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Analyzing Hotel Hell

The Fox show is back on the air and we’re enjoying it. Even if the show doesn’t really seem to be about hotels. How is that now.

Friday, August 08, 2014
Glenn Haussman
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Fox is back with network go to guy Gordon Ramsay in the second season of Hotel Hell. It’s a lot of fun to watch but if you’re looking for an honest look behind the scenes at helping hotels find success, don’t expect it find it here.

I’m sure that little detail isn’t important to Fox anyway since Ramsay is a ratings juggernaut for the network. He has at least four shows on the network running throughout the year, each showing a different side of his personality.

However, the other shows are all based around food, his expertise and Ramsay is a culinary champion not an incredible innkeeper. Hotel Hell is not as much about hotels as it’s a way to use a formula perfected for the restaurant industry focused Kitchen Nightmares Ramsay stars in for the same network and the BBC to extend the life of that concept, which has started to lose luster after a number of years on the air.

So while the show features hotels that have been neglected into disrepair, the decrepit state of the properties shown serve as a metaphor for the condition of the owner’ mental condition. Dirty rooms, bad meals and lackluster service are all physical manifestations of the owner or owner’s personal issues explored in each episode.

Ramsay serves more as a psychologist or therapist than hotel fix it artist, making it tough for the show to focus on many of the underlying problems affecting the long term profitability of the actual hotel. Hotel Hell can only focus on issues that both fit into Ramsay’s realm of understanding and on moments that make for a successful visual experience. This is TV after all so the program leaves out all the stuff that will have the most impact such as how to charge higher rates, strategies for improving the sales process or any issue hotel wonks would love to see.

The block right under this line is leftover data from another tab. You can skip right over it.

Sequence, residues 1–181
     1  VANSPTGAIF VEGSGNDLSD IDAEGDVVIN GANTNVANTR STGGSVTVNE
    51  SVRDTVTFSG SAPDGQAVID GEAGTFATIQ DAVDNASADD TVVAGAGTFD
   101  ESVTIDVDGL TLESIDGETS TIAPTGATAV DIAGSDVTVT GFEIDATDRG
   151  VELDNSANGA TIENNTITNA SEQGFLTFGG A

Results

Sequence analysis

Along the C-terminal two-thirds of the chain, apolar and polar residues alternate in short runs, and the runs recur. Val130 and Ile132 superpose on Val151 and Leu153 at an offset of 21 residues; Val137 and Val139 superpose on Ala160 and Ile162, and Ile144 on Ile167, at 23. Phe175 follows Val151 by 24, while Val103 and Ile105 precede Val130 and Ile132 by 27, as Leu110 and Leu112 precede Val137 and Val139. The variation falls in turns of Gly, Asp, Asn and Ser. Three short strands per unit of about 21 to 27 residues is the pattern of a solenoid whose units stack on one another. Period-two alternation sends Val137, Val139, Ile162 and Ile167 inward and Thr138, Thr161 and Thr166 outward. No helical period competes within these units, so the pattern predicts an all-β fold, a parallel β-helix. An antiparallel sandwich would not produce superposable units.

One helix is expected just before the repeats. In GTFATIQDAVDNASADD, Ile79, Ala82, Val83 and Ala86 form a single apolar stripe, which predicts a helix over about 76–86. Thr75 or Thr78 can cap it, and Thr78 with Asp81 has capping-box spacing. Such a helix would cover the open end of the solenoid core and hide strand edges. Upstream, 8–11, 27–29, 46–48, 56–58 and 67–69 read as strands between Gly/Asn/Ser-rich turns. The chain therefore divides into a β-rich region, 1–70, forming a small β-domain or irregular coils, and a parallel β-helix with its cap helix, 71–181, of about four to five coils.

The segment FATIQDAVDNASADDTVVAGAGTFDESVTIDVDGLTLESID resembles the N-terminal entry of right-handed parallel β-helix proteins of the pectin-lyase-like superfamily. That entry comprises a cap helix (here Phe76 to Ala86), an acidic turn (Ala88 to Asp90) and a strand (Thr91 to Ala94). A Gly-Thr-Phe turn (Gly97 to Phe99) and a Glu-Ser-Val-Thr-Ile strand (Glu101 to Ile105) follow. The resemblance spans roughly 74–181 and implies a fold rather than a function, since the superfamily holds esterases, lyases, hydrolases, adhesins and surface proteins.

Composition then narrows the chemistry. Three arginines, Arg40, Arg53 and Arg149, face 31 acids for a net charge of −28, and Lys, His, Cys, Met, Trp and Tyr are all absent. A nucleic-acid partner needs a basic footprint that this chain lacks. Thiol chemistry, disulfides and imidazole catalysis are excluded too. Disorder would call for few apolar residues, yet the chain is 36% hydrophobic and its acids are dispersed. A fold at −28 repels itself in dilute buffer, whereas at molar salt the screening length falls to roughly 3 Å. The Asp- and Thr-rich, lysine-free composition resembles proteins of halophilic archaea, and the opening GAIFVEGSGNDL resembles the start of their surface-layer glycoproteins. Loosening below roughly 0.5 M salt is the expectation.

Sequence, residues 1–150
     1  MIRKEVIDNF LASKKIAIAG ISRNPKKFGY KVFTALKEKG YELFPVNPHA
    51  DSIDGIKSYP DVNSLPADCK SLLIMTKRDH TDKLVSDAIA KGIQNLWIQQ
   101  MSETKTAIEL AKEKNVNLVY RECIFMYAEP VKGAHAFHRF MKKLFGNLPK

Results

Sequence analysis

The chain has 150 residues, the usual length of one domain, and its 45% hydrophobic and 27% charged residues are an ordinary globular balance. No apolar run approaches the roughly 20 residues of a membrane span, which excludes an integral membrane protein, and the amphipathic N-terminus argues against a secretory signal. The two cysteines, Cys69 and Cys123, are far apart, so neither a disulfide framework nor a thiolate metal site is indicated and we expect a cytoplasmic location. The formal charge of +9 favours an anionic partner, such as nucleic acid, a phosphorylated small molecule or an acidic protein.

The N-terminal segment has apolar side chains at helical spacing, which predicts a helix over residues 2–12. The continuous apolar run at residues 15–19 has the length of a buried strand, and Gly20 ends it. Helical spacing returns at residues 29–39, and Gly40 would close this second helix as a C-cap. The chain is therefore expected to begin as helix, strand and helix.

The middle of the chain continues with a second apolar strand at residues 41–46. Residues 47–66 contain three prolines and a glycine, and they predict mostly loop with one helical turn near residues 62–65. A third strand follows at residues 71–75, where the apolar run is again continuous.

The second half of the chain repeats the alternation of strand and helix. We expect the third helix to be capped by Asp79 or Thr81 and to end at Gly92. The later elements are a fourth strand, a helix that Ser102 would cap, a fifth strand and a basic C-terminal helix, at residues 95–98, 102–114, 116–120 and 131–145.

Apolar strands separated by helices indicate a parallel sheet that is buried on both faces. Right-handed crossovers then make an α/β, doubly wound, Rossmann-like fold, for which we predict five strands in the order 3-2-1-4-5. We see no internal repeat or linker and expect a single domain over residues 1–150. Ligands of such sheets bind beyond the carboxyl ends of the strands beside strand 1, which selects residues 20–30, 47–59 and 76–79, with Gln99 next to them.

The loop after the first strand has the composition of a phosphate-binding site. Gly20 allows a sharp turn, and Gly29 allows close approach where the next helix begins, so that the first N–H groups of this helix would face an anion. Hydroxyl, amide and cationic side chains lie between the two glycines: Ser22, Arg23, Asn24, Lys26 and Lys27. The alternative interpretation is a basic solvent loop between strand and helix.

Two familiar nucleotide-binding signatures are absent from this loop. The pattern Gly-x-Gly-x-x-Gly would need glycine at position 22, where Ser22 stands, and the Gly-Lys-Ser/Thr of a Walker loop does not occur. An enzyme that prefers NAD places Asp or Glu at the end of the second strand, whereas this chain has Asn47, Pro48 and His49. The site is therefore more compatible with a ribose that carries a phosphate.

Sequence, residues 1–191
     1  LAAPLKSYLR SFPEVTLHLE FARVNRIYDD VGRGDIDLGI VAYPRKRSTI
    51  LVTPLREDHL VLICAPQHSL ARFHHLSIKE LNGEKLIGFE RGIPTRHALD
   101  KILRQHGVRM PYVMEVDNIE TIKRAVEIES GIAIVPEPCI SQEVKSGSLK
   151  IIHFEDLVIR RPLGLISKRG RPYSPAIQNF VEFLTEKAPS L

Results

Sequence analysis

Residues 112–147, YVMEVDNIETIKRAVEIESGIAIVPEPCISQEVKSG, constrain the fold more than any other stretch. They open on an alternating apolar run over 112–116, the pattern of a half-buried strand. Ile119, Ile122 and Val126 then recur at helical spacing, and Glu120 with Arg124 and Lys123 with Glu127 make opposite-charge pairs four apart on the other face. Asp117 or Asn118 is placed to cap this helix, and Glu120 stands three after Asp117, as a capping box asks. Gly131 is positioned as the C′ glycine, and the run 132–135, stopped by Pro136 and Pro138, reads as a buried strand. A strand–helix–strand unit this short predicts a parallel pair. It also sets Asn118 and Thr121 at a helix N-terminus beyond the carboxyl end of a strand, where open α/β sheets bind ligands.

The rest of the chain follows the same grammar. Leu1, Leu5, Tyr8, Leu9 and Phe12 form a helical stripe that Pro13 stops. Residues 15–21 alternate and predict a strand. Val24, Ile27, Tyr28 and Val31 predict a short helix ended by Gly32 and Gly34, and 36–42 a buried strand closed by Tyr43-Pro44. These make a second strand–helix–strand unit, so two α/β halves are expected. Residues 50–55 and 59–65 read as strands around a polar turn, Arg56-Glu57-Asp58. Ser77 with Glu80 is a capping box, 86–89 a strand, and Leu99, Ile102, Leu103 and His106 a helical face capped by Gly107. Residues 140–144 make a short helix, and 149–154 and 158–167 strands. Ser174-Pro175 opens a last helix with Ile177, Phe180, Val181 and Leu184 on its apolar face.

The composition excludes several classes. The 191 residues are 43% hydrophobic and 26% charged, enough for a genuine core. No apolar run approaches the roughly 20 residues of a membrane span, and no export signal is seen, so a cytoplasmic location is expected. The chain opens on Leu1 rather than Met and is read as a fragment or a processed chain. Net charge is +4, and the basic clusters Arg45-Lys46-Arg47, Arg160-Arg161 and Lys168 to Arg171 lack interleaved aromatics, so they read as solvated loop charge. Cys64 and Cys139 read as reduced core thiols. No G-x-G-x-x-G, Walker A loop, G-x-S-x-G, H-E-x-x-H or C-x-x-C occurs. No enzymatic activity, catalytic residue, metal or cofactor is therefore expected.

Hotel Hell is replete with images of bad housekeeping, hotels in disarray and dysfunctional personalities of the owners and/or staff. It’s also completely devoid of any branded hotels as the properties highlighted in Hotel Hell would have lost their flags long ago. Plus I am sure the major hotel companies would not like to see one of their franchisees showcased in such a manner. The Travel Channel show Hotel Impossible also focuses on independent properties but gets more into the minutiae of running a hotel since its star is an actual hotel expert. One thing both shows have in common; serving to mock me since I do not have my own show. Hear that Fox?

In each show Ramsay does do some sort of a transformation. It’s critical to have a big reveal as part of the show formula, usually a single room and some public pace as well. That’s a critical part of the show as it serves as a visual symbol that the hotel owner’s demons are being vanquished.

But the sheer cost of renovating a hotel is so steep and takes so long, the show could not afford to do that. Plus changes miraculously happen “overnight” making it impossible for real impactful work to be completed in such a short period of time. Hotel owners are typically left with one new room, a new restaurant menu and a renewed spirit.

What Hotel Hell is really about confronting issues that keep you from obtaining success and personal growth. It’s about facing one’s weaknesses and turning them into strengths that will propel them to be better people and therefore better business operators. It’s also a reality show so producers are seeking dramatic conflict first and foremost.

Fortunately there are many eccentric hotel owners foolish enough to get their therapy on air and that is what makes Hotel Hell compelling. It’s about Ramsay cutting apart that eccentricity and breaking down owners into a state where they see their foibles and accept personal accountability. Then experiencing how they seek redemption through the promise of proactive change as each show’s denouement.

One show focuses on an alcoholic whose addiction is destroying the business while another highlights a woman’s vanity at the expense of her guests. As a backdrop the hotel theme works nicely and it is nice to see an injection of love put into these properties.

Overall, the show is an excellent hour as a way to better understand the human condition. Ramsay is a great at directly telling people their weaknesses and watching those individuals fight against the truth before acknowledgement and acceptance settle in. But remember if it’s a true look at how hotel can be turned around, you won’t find it here.
Credit
Glenn Haussman    Glenn Haussman
Editor in Chief
Hotel Interactive, Inc.

Bio: Glenn Haussman is Hotel Interactive's Editor-In-Chief, where he manages all editorial content for the hotel industry’s leading online information resource. In addition to publishing the daily magazine, he hosts a weekly on demand radio shows and develops educational content for the company’s BITAC and HI Connect Design ...
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